World Kidney Day: USC’s Andy McMahon and Ken Hallows discuss kidney health and research

From left, Andy McMahon and Ken Hallows (Photos by Phil Channing and courtesy of Ken Hallows)
From left, Andy McMahon and Ken Hallows (Photos by Phil Channing and courtesy of Ken Hallows)

One in 10 people is affected by chronic kidney disease worldwide. On March 9, 2017, World Kidney Day shines a spotlight on the importance of kidneys and ways to reduce the impact of kidney disease. USC’s Andy McMahon and Ken Hallows discuss some of the top issues in kidney health.

Andy McMahon, director of the Eli and Edythe Broad Center for Regenerative Medicine and Stem Cell Research at USC: “Each year, there are only 18,000 kidneys available for transplant—and more than 400,000 patients who need them. As a first step toward building new kidney structures, my lab is using stem cells to try to generate human nephrons, the functional units of the kidney. Since each kidney contains 1 million nephrons, building a kidney will require the expertise and inspiration of large teams of stem cell biologists, biomedical engineers and clinicians over the course of many years. We are also exploring how damage is repaired in the kidney—the implicated cell types and limits to normal repair processes. Improvements in this realm could provide an avenue to restoring function within a failing kidney. Through research and collaboration, we will advance our goal of providing new therapeutic opportunities for the kidney patient.”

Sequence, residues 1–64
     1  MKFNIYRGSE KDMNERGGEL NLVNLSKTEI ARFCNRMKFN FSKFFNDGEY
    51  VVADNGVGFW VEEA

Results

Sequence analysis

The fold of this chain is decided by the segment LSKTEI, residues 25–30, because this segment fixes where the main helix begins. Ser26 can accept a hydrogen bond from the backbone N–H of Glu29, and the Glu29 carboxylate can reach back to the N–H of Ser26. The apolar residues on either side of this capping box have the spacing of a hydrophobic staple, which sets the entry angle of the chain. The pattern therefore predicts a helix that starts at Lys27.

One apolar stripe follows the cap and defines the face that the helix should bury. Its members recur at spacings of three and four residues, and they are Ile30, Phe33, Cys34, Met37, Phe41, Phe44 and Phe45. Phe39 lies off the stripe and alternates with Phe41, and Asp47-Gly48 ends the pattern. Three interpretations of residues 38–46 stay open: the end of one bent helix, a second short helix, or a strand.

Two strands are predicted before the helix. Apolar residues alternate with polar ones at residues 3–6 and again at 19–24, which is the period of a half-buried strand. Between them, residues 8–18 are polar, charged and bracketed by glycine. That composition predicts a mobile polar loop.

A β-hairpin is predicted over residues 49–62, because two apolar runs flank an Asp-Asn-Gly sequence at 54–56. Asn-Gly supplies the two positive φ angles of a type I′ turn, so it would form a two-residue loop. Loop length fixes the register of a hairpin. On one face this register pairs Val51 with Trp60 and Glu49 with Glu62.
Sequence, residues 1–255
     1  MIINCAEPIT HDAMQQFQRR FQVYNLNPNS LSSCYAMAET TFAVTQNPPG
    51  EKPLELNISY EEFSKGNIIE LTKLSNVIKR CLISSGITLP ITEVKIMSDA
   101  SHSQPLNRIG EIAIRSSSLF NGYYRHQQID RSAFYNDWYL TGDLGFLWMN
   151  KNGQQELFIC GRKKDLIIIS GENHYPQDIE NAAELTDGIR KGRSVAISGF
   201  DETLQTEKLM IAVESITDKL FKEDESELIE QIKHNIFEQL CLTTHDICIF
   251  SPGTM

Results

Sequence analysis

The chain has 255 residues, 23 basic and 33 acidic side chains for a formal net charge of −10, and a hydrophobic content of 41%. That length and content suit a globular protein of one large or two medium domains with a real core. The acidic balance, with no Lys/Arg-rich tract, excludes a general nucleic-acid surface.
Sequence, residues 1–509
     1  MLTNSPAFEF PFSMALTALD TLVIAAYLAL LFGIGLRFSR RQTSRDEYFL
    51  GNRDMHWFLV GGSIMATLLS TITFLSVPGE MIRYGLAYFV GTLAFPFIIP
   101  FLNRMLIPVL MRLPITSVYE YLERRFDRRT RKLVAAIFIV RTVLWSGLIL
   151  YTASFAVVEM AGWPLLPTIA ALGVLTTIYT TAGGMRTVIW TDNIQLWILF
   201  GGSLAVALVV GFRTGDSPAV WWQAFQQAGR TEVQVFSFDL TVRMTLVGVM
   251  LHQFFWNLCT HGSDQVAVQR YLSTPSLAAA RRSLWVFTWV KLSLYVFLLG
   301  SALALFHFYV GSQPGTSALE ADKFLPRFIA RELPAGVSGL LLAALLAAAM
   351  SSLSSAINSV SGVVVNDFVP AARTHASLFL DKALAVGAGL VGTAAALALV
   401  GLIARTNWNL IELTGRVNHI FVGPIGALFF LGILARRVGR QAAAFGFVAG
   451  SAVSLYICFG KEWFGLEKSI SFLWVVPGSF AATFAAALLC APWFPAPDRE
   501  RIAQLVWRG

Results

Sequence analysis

Ken Hallows, director of the USC/UKRO Kidney Research Center: “Many Americans know that obesity can lead to high blood pressure, type 2 diabetes, and high cholesterol. What they may not know is that obesity is also a significant risk factor for developing kidney disease. When a person is obese, their kidneys have to filter more blood, which makes the kidneys work harder. When the kidneys have to work harder, they are at risk of developing chronic kidney disease over time. This year, World Kidney Day is raising awareness about how obesity affects kidney health, and for good reason—obesity is a risk factor that we have the power to control. Reducing excess weight can reduce the risk of kidney disease.”

McMahon, Hallows, and their fellow USC scientists are also putting their feet to the task as part of the UKRO Los Angeles Marathon Charity Relay Team. They’ll be running the Los Angeles Marathon on Sunday, March 19, to fund young investigators researching kidney injury and repair, and to translate discoveries to new treatments. To support the cause, visit and select Team UKRO LA Marathon Charity Relay.


Mentioned in this article: Andrew P. McMahon, PhD, FRS